Increased urine flow
In addition, tea, in general, may decrease the amount of iron you get from plant foods. Hence, if you want to drink oolong tea, you should make sure to get enough vitamin C, which can increase the amount of iron from plant foods.25
Don’t Miss Out on the Outstanding Benefits of Oolong Tea
Oolong may not be as widely talked about as green tea, but maybe it should be. The health benefits mentioned above should be enough to convince you to try this tea.
Just make sure to get oolong from a reliable manufacturer and drink it in moderation, especially if you’re sensitive to caffeine. Brew yourself a cup of oolong today and start enjoying the many wholesome benefits of this beverage!
Frequently Asked Questions (FAQs) About Oolong Tea
Q: Is oolong tea a type of black tea?
A: No. While they both come from the same Camellia sinensis plant, oolong tea is not black tea. Black tea is fully oxidized, while oolong is semi-oxidized. It falls between green tea and black tea.
Q: What does oolong tea taste like?
A: Depending on the oxidation of oolong, its flavor may vary. Less oxidized oolong may have a fresh green tea flavor, while heavily oxidized varieties may have a malty taste reminiscent of black tea.
Q: Where can you buy oolong tea?
A: You can buy oolong tea in any health store, and some specialty tea online stores carry this tea variety as well. The most famous oolongs come from Taiwan and China, although other countries like Japan, India, Sri Lanka and Thailand are also making their own versions of oolong tea.26
Q: Is oolong tea caffeinated?
A: Yes, oolong tea contains caffeine, albeit in smaller amounts than black tea and coffee.
Q: How much caffeine in oolong tea?
A: This depends on the brand or variety. Caffeine Informer tested four oolong types and found their caffeine levels to range from just 16.6 to 55.4 milligrams per cup.27 In general, oolong has more caffeine than green tea, but less than black tea.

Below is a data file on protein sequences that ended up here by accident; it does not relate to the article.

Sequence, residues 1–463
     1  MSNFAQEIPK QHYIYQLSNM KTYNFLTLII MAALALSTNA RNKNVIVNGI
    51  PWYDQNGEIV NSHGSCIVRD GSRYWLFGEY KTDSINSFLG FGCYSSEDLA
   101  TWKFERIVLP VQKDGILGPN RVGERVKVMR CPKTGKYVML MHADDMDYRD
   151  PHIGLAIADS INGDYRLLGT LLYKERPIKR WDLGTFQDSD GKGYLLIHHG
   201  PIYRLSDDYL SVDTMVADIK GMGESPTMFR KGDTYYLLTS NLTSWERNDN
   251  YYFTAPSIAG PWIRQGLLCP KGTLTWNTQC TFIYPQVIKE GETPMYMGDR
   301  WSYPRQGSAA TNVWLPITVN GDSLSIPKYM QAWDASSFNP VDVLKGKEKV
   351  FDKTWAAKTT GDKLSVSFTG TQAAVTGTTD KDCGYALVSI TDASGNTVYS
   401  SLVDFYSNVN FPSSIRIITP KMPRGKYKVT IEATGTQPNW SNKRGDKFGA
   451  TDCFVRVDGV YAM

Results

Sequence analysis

Q: Is oolong tea fermented?
A: The correct term is “semi-fermented.” Oolong is partially oxidized, and is somewhere in the middle of green tea and black tea.
Q: Is oolong tea acidic?
A: No. Oolong tea is said to be less acidic than green tea, making it a welcome drink for people with stomach problems.28
Note: When buying tea of any kind, make sure that it’s organic and grown in a pristine environment. The Camellia sinensis plant in particular is very efficient in absorbing lead, fluoride and other heavy metals and pesticides from the soil, which can then be taken up into the leaves. To avoid ingesting these dangerous toxins, a clean growing environment is essential, so that you can be sure you’re ingesting only pure, high-quality tea.
Sources and References
1, 4 Medical News Today, Health Benefits of Oolong Tea, September 6, 2017
2 Today’s Dietitian, January 2011, Vol. 13 No. 1 P. 32
3, 6, 19, 22 Teatulia, What Is Oolong Tea?
5, 7 Lifehack, 10 Amazing Benefits of Oolong Tea You Didn’t Know
8 Art of Tea, History of Oolong
9, 10, 21 Healthline, What Is Oolong Tea and What Benefits Does It Have?, May 15, 2016
11 Organic Facts, 10 Wonderful Benefits Of Oolong Tea
12 J Nutr. 2001 Nov;131(11):2848-52.
13 Arch Intern Med. 2002 May 13;162(9):1001-6.
14 J Epidemiol Community Health. 2011 Mar;65(3):230-40. doi: 10.1136/jech.2009.097311. Epub 2009 Dec 8.
15 Stroke. 2009 Jul;40(7):2480-5. doi: 10.1161/STROKEAHA.109.548586. Epub 2009 May 28.
16 The Kitchn, How To Brew Oolong Tea, July 28, 2014
17 Eur Heart J. 2007 Jan;28(2):219-23. Epub 2007 Jan 9.
18 Teavivre, Shelf Life of Tea
20 Amazing Green Tea, Storing Green Oolong Tea – Why It Is Harder
23 Oolong Tea Benefits, Oolong and Caffeine
24 WebMD, Oolong Tea
25 SFGate, Can Drinking Tea Reduce Iron Absorption?
27 Caffeine Informer, Tea (Oolong)
28 Easy Health Options, The Beginner’s Guide to Chinese Tea for Health